As I taught this course, a first-year writing class titled “Writing about Literature,” over four semesters, my students’ bewilderment became central to my mission as their teacher. “Read a poem with a dictionary next to you,” I said at the start of each semester. “Look up any names or words you don’t know or understand.” Though this guidance proved essential in answering fact-based questions—as when we read Ross Gay’s “A Small Needful Fact” and a student, after researching Eric Garner, said, “I feel like I just unlocked this poem”—the “look it up” strategy failed to satisfy both my mango student and my olive student. Meeting me for office-hours discussions perhaps bewildered them even further. How should a teacher, positioned so often as the students’ Virgil, a steward of close reading practices in the classroom, teach students how not to understand a poem and to embrace that not everything in a poem can ever be understood, even by its author? I became committed to teaching a “poetics of bewilderment,” to borrow a phrase from Fanny Howe: an ongoing reading practice of bewilderment that engages with poetry’s broader social and aesthetic roles among the written arts.

In her lecture “Bewilderment,” delivered in 1998 as part of the Poetics & Readings series in San Francisco, Howe described bewilderment as a necessary praxis for both the reading and writing of literature. “There is a [M]uslim prayer,” she noted, “that says ‘Lord, increase my bewilderment,’ and this prayer is also mine and the strange Whoever who goes under the name of I in my poems—and under multiple names in my fiction—where error, errancy and bewilderment are the main forces that signal a story.” I love the multiplicity of people, both real and fictional, Howe presented: the writer, the Whoever that masquerades (or doesn’t) as Howe in her poems, and the numerous Whoevers that lurk in her prose, all of them praying for the same thing: make me less certain. Howe created these characters and speakers not to explain her life or illuminate what being alive means but to prove that such understanding perpetually escapes her—and all of us. They’re not meaning but a literary embodiment of the search for meaning. They build the language for a prayer that any one of us might require. After all, as Howe reminded us, “the actual theological meaning of the word salvation is meaning.”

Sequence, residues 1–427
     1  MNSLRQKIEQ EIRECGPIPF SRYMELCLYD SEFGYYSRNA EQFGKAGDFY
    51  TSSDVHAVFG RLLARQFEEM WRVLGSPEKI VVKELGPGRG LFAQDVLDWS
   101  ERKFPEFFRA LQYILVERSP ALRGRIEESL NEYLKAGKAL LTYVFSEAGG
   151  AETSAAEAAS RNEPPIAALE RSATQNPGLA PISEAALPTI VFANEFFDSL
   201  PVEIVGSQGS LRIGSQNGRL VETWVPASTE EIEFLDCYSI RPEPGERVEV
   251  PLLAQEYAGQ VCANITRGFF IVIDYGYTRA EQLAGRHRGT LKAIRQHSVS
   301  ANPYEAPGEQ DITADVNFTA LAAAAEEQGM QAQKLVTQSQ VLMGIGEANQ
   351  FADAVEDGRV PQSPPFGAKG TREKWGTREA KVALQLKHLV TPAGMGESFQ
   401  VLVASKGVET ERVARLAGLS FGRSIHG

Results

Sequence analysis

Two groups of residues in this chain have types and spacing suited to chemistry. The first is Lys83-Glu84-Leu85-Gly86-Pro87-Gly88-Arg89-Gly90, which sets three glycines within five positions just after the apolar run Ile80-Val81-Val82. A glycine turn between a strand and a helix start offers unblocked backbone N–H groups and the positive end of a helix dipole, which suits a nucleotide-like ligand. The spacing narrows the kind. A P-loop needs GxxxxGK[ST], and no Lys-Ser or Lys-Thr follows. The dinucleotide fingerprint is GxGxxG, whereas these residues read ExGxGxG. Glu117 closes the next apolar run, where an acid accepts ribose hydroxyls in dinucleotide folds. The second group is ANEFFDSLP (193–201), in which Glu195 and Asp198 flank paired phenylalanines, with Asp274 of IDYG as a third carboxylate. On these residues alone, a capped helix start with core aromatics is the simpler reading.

Though Howe lectures on the bewilderment of both fiction and poetry, she concedes that poetry, in particular, conceals or multiplies its meanings in ways that can elude even poets themselves. “Like the disassociated stanzas in poems by Ibn Arabi or Hafiz,” she says, “I see my poems as being composed of queer sentences with lots of space, a dreamlike narrative, and a hidden meaning, so to speak, in that it is hidden from me.” On its face, Howe’s invocation refutes the request that both my students brought to office hours: make me more certain. Many students arrived in my classroom having learned elsewhere that a good poem purposefully hides its meaning from readers. (“Poetry is so cryptic,” a frustrated former student once complained.) Like them, I too pushed against uncertainty as I first learned to read poetry closely, perplexed that my teachers seemed to prize openness over correctness. I didn’t know what to make of them standing at the front of the room, facilitating conversation without ever pronouncing their “verdicts.” In the end, who was right about the olives? Who got closest on the flying mangoes?

“I am forever telling my students I know nothing about poetry,” Mary Ruefle writes in her essay collection Madness, Rack, and Honey (2012), “and they never believe me.” As a student new to poetry, I would have found Ruefle’s assertion both compelling and deeply unhelpful. After all, what could a professor who declares she knows nothing about poetry teach students about poetry? (I imagine none of my students’ mechanical engineering professors would declare, “I know nothing about mechanical engineering.”) As an educator and a poet, however, I find Ruefle’s words sanctioning. In my office, my students wanted me to answer their questions absolutely: “The non-zipper represents x. The tomato signifies y.” I couldn’t. Instead, we worked together to inhabit the paradox intrinsic to literary interpretation: we began in certainty (reading the words and attaching them to meanings), but we ended in uncertainty, which meant we stood on different paths at the conclusion of our journey.